When Line 13 was opened in 2002, it borrowed cars from the other lines until the new DKZ5s were ordered. DK2/3s, DK11/16s, and even obsolete subway cars from the cities of Pyongyang and Tianjin could be found. However, the DKZ5s were quickly ordered and are now largely the only rolling stock class found on Line 13. Based on the DKZ4 class, the four-car DKZ5 trainsets feature updated exterior styling with rounded corners and a smoother look, and a bright interior with LED information screens. The exterior paint scheme features a silver base with an orange stripe and blue front. These cars are nicknamed “the cats” for the headlights’ cat eye-like appearance. There is one trainset of DKZ6 cars (#H402) operating on Line 13, which is essentially a restyled DKZ5 with a stainless steel body. Line 13 is also home to #H457, a stainless-steel fully-articulated demonstrator trainset whose details are currently unknown.

Similar to Line 13, the Batong Line opened with outdated, obsolete cars initially serving the line. These, however, were all replaced with the four-car SFX01 and SFX02 trainsets by summer 2005. These trainsets, the newest for the Beijing Subway, are essentially updated DKZ5 trainsets with full articulation (meaning that one can walk from one end to the other) and a radically redesigned front bulkhead, which has earned these car classes the “red snake” nickname. The SFX02 cars are made of stainless steel, while the SFX01 cars were constructed with a traditional aluminum body; otherwise the two classes are identical.

Route Map

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Photo Gallery


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Photo by: Robert McConnell
Location: Gongzhufen 公主坟 (Princess Tomb)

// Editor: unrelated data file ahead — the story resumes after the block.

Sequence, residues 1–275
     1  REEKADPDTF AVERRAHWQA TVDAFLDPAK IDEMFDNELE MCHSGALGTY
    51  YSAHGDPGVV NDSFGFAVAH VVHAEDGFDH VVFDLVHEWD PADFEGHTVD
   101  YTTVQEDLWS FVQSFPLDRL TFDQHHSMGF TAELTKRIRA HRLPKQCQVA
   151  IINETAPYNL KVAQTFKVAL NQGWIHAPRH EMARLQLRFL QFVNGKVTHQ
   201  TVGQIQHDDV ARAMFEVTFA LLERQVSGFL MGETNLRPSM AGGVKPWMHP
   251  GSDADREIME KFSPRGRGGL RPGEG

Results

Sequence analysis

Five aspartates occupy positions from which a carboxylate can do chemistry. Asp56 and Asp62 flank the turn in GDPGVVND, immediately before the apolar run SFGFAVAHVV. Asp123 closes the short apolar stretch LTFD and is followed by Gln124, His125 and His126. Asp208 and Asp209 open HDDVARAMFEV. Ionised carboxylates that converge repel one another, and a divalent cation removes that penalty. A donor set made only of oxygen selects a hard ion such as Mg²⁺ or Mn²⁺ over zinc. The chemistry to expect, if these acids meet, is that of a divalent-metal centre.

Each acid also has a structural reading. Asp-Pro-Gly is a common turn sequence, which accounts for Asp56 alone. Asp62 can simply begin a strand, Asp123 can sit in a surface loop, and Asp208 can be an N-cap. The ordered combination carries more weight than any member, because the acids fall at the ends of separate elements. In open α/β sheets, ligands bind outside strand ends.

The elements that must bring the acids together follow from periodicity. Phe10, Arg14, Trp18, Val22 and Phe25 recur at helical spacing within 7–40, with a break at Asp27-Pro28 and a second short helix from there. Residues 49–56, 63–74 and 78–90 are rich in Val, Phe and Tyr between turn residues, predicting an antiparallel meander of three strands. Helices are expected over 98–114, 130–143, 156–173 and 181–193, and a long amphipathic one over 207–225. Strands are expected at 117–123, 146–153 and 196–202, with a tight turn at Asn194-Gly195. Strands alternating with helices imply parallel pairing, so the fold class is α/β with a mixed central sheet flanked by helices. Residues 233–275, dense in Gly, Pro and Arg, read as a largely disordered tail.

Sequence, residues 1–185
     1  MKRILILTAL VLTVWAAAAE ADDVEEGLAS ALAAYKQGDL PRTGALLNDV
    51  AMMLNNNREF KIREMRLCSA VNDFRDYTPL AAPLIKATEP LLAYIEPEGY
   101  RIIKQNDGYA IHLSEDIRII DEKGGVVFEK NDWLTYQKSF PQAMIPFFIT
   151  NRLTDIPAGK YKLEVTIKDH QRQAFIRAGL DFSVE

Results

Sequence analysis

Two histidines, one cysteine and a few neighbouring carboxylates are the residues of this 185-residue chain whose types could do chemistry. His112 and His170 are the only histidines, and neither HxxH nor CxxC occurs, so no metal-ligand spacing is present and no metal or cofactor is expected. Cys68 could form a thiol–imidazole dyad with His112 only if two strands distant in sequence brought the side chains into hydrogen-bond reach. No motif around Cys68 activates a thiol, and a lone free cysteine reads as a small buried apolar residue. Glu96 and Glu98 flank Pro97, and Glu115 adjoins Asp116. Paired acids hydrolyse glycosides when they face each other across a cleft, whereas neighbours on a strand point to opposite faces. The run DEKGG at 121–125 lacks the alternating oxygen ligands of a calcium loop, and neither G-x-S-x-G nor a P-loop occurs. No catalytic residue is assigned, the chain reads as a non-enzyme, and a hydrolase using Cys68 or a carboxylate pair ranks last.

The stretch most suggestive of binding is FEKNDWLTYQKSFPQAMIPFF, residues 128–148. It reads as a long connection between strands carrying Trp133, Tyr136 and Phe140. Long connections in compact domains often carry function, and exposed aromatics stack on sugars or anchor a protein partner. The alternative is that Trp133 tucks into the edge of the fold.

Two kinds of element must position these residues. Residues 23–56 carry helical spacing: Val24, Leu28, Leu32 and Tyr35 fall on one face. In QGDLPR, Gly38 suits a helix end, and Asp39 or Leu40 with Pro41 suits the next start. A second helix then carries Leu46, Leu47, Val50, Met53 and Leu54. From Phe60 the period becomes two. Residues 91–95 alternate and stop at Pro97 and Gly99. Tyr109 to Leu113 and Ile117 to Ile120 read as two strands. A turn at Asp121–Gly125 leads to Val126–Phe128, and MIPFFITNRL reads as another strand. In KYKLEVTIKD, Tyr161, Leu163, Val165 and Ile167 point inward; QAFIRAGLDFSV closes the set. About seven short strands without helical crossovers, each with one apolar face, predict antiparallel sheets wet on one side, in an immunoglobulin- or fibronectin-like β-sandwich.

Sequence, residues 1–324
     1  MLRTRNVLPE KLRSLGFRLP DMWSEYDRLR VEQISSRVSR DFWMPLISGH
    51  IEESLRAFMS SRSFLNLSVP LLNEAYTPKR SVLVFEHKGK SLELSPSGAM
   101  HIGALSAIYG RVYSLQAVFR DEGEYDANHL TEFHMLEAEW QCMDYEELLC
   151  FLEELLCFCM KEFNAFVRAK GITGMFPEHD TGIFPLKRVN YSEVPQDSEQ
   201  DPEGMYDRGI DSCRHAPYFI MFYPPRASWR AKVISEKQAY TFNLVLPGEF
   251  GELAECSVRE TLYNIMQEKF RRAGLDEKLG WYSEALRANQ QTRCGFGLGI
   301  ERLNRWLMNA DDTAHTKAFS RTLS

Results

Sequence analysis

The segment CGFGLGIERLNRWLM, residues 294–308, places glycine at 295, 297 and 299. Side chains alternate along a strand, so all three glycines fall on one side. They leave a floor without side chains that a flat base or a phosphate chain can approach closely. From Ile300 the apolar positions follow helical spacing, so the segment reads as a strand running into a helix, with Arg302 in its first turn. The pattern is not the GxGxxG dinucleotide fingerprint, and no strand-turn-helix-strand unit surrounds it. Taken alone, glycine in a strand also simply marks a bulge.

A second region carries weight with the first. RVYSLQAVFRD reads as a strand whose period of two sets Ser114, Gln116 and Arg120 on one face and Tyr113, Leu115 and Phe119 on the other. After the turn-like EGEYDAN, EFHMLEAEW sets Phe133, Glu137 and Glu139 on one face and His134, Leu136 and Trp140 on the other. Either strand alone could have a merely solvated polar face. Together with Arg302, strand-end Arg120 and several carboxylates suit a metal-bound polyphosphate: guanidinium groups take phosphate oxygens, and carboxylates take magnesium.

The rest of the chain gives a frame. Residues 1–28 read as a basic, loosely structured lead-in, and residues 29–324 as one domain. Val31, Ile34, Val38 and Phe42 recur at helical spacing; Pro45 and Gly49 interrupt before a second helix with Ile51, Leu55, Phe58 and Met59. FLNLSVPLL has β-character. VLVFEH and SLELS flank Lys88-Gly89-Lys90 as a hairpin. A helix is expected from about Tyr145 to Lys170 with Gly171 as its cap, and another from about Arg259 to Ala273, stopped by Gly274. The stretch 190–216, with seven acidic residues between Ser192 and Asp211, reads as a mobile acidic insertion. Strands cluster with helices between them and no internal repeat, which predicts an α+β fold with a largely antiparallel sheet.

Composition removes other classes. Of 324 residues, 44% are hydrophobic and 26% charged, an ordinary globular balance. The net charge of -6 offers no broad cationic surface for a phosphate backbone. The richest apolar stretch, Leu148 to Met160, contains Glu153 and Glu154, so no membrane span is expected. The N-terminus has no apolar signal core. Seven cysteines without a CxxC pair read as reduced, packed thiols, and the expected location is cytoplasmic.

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Location: Gongzhufen 公主坟 (Princess Tomb)

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Location: Jianguomen 建国门

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Location: Jianguomen 建国门 (National Reconstruction Gate)

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Location: Muxidi 木樨地

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Location: Pingguoyuan 苹果园 (Apple Garden)

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Location: Qianmen 前门 (The Facing Gate, commonly the Southern Gate)

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Location: Sihui dong 四惠东

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Location: Sihui dong 四惠东

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Location: Wangfujing 王府井

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Location: Yonghegong 雍和宫 (The Palace of Harmony and Peace / Lama Temple)

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Photo by: Peter Ehrlich
Location: Jianguomen 建国门 (National Reconstruction Gate)

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Collection of: Mike Farrell
Location: Tian'anmen East 天安门东

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Photo by: Eric Oszustowicz
Collection of: Mike Farrell
Location: Sihui 四惠


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Page Credits

By Robert McConnell.